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Subject: Bllomsday 2004
From: 46FORTIN <[log in to unmask]>
Reply-To:CELTIC-L - The Celtic Culture List.
Date:Wed, 16 Jun 2004 13:33:48 -0400
Content-Type:text/plain
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From today's New York Times:

"Sixteenth today it is," thinks Leopold Bloom, and the 16th it was, in June
1904. James Joyce, age 22, would walk out that very night in Dublin with Nora
Barnacle, whom he later wedded. "Ulysses" is set on that day  Bloomsday, as
it has come to be called  in honor of Joyce's meeting Miss Barnacle. Many
Joyceans have made of Bloomsday a literary Mardi Gras, an odyssey through
Dublin using the points of Joyce's compass, a day to celebrate Irishness and
the peculiar verbal fecundity of that nation. In a novel full of celebrated
talkers, it is Bloom, Jew and Irishman, who hovers, voice and thought, over
the proceedings. As one barroom patron in the novel says, show Bloom a straw
on the floor and "he'd talk about it for an hour so he would and talk steady."

All these years later, one somehow thinks of "Ulysses" as being of that day,
June 16, 1904, though it was published in February 1922. It is still as
defiant a comedy as ever, as fictional as a gazetteer, willing to make a hash
of the genres its author inherited. Now and then, a critic feels the need to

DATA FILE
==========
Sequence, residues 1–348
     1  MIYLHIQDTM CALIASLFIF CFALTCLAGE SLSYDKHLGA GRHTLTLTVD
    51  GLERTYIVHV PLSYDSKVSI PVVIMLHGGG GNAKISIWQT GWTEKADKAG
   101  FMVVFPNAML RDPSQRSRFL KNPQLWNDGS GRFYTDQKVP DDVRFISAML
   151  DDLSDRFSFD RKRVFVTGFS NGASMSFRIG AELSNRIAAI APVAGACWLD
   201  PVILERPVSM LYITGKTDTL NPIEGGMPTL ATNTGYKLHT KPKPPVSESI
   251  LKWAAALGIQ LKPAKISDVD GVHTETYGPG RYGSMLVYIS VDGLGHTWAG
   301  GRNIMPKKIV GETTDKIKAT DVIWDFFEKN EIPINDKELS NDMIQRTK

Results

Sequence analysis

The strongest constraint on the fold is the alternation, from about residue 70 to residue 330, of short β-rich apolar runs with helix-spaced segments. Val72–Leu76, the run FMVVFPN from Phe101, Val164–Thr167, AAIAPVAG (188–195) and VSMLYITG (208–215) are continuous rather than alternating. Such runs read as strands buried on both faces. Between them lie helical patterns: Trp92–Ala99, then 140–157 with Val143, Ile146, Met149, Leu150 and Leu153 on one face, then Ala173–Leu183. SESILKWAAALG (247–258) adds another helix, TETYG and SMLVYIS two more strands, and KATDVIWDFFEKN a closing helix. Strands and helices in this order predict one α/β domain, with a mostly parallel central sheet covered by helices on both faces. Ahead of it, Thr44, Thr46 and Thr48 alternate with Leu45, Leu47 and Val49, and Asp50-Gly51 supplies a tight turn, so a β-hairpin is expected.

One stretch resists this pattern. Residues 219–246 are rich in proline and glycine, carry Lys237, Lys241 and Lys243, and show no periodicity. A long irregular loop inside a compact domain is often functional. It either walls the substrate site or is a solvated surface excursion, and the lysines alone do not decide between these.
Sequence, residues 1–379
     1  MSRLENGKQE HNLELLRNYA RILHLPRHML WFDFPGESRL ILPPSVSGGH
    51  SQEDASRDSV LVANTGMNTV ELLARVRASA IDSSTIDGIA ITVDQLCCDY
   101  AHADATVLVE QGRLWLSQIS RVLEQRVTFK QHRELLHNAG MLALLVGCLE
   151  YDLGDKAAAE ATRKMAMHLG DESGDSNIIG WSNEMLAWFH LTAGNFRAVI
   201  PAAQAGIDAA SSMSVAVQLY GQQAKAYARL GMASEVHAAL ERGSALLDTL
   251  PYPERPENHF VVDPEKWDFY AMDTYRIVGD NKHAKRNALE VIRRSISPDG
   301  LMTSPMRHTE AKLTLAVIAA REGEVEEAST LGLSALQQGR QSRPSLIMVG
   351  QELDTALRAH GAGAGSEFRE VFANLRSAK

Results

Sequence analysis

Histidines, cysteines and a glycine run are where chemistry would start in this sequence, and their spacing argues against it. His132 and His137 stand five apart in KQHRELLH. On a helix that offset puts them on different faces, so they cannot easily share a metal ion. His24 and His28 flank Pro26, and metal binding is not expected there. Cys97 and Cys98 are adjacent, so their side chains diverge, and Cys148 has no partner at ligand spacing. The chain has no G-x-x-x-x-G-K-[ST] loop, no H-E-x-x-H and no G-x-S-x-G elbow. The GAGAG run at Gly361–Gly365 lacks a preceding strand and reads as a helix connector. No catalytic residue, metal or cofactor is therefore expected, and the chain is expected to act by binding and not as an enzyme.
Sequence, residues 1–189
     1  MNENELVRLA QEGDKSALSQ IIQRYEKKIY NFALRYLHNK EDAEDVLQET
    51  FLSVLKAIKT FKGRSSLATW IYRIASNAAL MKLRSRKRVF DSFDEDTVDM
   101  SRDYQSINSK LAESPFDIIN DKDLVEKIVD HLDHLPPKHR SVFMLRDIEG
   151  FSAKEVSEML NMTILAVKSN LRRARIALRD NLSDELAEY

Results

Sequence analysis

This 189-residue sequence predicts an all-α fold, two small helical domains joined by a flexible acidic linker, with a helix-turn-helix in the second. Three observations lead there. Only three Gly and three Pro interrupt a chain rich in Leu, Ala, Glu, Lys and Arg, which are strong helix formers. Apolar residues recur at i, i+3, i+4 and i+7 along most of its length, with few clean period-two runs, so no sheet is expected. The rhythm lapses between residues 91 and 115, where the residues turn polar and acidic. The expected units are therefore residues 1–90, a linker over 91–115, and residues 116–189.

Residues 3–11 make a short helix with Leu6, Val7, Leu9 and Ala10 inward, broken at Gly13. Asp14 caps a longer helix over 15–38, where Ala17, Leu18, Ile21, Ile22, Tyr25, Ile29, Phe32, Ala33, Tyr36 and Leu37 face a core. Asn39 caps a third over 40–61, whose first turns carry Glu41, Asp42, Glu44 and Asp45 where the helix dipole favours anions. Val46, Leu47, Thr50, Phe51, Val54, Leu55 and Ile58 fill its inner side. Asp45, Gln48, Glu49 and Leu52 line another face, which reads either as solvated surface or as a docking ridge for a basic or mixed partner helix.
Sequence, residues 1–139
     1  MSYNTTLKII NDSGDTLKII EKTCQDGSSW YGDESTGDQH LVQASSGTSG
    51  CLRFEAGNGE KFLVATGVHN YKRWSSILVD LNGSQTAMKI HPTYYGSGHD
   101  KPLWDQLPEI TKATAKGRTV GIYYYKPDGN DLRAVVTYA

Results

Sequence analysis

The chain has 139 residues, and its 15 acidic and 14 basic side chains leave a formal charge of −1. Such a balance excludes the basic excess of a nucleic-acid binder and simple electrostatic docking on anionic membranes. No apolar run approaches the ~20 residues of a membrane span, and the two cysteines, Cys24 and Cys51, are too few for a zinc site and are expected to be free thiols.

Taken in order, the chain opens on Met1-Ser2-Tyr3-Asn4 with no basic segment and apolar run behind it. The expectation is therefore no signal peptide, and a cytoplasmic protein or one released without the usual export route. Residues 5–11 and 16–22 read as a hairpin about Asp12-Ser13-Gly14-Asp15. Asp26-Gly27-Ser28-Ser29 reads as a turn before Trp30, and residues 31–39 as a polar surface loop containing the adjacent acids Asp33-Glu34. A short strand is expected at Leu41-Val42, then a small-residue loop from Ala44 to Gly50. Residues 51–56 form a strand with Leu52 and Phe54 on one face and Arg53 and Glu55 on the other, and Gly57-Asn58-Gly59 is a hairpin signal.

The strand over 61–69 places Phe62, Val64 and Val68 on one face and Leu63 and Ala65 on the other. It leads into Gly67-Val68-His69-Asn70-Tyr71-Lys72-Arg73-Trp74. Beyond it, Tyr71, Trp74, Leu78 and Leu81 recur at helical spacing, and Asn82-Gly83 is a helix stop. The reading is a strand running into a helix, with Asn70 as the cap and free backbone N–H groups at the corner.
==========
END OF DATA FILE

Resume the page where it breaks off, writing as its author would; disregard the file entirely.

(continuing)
tilt against "Ulysses," to complain of a byzantine difficulty in certain
passages, to lament Joyce's leaps of logic and illogic, his utter sacrifice of
plot. But by destroying plot  reducing it to a kind of geography  Joyce
succeeds in reinventing time. Bloomsday is the most capacious day in
literature. Only the hours of Lear's suffering last longer, and there time
passes in a stage direction. Language has almost never had a surer substance 
a stronger temporal beat  than Joyce gives it in the thoughts of Leopold
Bloom and his wife, Molly, along with Stephen Dedalus and Dublin's assembled
hordes.

"Ulysses" has come to stand as the apogee of "elitist" literature, a novel
that carries a kind of foreboding in its very title, the prospect of a hard
road ahead. But there is really no less elitist novel in the English language.
Its stuff is the common life of man, woman and child. You take what you can,
loping over the smooth spots and pulling up short when you need to. Dedalus
may indulge in Latinate fancy, and Joyce may revel in literary mimicry. But
the real sound of this novel is the sound of the street a century ago: the
noise of centuries of streets echoing over the stones.

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